problems  that  they come across . Importantly, these
collaborative  practices   are
not only beneficial to  inspectors and
teachers , but also to students . In this light  collaboration 
should be  the norm  rather than the exception . It should be used
as often as possible in the learning environment because  It can absolutely expedite learning . As  would be inspectors
, we are all concerned with improving the education our students receive.  Significantly , if we want  to improve student achievement , we must work
on improving initial teacher training and encourage continuous professional
development .

Not only will
effective collaboration improve teacher performance, but it also will improve
student performance.  This happens only
when the future  inspector  becomes part of the team and not simply a
lecturer who does not “preach what he teaches” .Put succinctly  , if teachers are to support their students’
 learning, they themselves should be good
models of the kind of teaching they are trying to promote.   In order to   be 
a  successful  team leader whose aim is to help teachers
perform well and function at the highest level of  sustained   improvement which makes an  impact on student learning ,  The future inspector  should lead by example .  The way  he acts , the characteristics he  exerts 
may have an influence on  the  teachers , so if he / she wants   teachers to be collaborative , he / she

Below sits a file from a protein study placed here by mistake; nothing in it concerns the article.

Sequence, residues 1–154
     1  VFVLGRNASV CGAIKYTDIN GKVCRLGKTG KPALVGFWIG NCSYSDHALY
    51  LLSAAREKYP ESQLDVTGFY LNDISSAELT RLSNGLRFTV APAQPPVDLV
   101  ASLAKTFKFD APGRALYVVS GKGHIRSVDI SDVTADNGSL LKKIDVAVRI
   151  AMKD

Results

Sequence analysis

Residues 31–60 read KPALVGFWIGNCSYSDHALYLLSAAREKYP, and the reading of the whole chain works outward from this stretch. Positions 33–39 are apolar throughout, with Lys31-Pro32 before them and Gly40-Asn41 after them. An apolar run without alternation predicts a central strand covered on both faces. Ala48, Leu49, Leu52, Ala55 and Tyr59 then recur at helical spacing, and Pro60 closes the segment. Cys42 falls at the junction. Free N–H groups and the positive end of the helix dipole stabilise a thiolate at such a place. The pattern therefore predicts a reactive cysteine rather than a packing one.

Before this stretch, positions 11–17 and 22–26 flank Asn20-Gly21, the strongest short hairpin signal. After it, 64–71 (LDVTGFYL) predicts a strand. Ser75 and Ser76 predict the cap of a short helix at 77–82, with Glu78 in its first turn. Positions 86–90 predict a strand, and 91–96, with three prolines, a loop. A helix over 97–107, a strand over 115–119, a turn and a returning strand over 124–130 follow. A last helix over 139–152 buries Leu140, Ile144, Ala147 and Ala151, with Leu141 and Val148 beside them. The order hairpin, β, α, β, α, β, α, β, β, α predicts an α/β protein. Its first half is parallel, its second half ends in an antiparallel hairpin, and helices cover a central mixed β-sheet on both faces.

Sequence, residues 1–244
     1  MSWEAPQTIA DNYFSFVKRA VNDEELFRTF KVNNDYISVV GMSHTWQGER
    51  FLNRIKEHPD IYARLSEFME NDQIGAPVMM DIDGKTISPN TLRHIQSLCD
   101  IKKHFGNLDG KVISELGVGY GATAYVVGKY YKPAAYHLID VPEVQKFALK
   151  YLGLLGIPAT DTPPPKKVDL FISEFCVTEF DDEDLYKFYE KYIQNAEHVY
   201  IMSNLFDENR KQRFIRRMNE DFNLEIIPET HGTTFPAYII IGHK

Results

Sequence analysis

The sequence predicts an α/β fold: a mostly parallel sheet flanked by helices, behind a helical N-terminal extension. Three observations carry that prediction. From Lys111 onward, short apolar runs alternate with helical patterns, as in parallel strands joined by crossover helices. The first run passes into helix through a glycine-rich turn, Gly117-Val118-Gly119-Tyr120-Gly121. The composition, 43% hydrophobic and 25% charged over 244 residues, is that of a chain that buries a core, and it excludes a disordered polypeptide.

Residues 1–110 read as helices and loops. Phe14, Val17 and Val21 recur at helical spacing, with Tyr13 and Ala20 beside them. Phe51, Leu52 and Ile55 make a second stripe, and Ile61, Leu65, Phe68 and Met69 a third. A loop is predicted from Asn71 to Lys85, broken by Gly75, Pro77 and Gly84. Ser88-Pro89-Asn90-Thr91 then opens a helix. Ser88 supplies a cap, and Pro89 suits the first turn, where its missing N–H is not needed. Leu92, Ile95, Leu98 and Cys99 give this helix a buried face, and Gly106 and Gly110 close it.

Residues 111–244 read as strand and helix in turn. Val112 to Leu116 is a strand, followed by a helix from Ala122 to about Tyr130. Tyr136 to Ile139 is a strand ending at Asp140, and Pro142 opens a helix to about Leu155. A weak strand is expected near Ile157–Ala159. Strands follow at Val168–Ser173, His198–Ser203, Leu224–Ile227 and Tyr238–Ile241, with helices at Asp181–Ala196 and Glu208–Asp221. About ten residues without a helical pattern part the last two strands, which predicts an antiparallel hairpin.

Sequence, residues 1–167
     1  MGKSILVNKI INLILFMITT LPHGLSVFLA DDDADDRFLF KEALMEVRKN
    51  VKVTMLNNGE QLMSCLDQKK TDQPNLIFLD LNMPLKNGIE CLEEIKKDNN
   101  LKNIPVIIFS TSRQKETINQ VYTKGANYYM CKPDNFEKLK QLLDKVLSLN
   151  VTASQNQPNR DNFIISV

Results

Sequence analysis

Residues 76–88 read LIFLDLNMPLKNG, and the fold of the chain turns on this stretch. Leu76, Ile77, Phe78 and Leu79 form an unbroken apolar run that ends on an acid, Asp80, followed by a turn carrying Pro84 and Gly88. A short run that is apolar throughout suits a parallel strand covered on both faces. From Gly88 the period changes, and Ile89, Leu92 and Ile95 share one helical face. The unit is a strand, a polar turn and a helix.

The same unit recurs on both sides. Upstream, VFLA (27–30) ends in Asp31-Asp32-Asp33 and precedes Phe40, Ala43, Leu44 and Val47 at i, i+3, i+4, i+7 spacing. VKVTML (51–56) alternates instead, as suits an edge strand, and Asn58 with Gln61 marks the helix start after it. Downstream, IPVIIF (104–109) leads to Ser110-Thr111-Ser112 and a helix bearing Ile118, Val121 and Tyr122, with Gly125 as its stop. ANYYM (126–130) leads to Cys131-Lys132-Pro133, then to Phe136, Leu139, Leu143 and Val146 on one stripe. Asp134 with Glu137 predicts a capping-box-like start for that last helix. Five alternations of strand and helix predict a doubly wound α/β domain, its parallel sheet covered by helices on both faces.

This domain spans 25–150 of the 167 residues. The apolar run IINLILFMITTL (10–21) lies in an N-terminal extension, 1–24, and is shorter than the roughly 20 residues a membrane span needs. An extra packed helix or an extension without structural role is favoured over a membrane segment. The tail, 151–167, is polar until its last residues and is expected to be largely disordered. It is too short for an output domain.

should make sure that he does the same 
thing .

 Undoubtedly , Effective collaboration exposes  inspectors and teachers to improved practices,
which leads to stronger pedagogy. The more effective a teacher is, the more a
student will benefit.   A professional
culture  of collaboration requires  teachers who are willing to share, support,
and explore together.  Developing a
collaborative culture will result in reducing teacher attrition, improving student
learning, and creating the type of school that everyone searches for .  

To this end ,  future inspectors need to instill the spirit
of teamwork especially when they deal with preparing  and marking national exams ( the 9th
year diploma and baccalaureate examination ) , joint tests and  lesson plans should also be encouraged .

Sharing ideas about teaching
practices , and reflective teaching based on peer observation should be sought

 As a  would be  Inspector  , I should be cognizant that my  success depends entirely on the success
of  the teachers I am working with .  As it is the case in classrooms , students
performance is the yardstick by which teaching quality is gauged.  The same thing can apply to inspectors ,  the hallmark of an  effective inspector  is his  competence  mainly in technical skills (knowledge and
understanding of the mechanics of his / her  job) 
and in human relations (  understanding
of teachers  and being able to
effectively work with them ) .

 Nowadays human
capital is fast becoming the key ingredient to the success of all  work environments   . How to effectively develop this critical
resource  should be  a concern of all the stakeholders in the field
of education  .  That said , it is not too surprising
that a core set of skills necessary to be  a successful   future inspector
centers around interpersonal skills , that is to say ,  oral and written communication, constructive
listening, honest and direct dialogue . In a nutshell , inspectors who can inspire and motivate their teachers  to raise their levels of performance and
achieve their potential  by working and
collaborating with their colleagues  will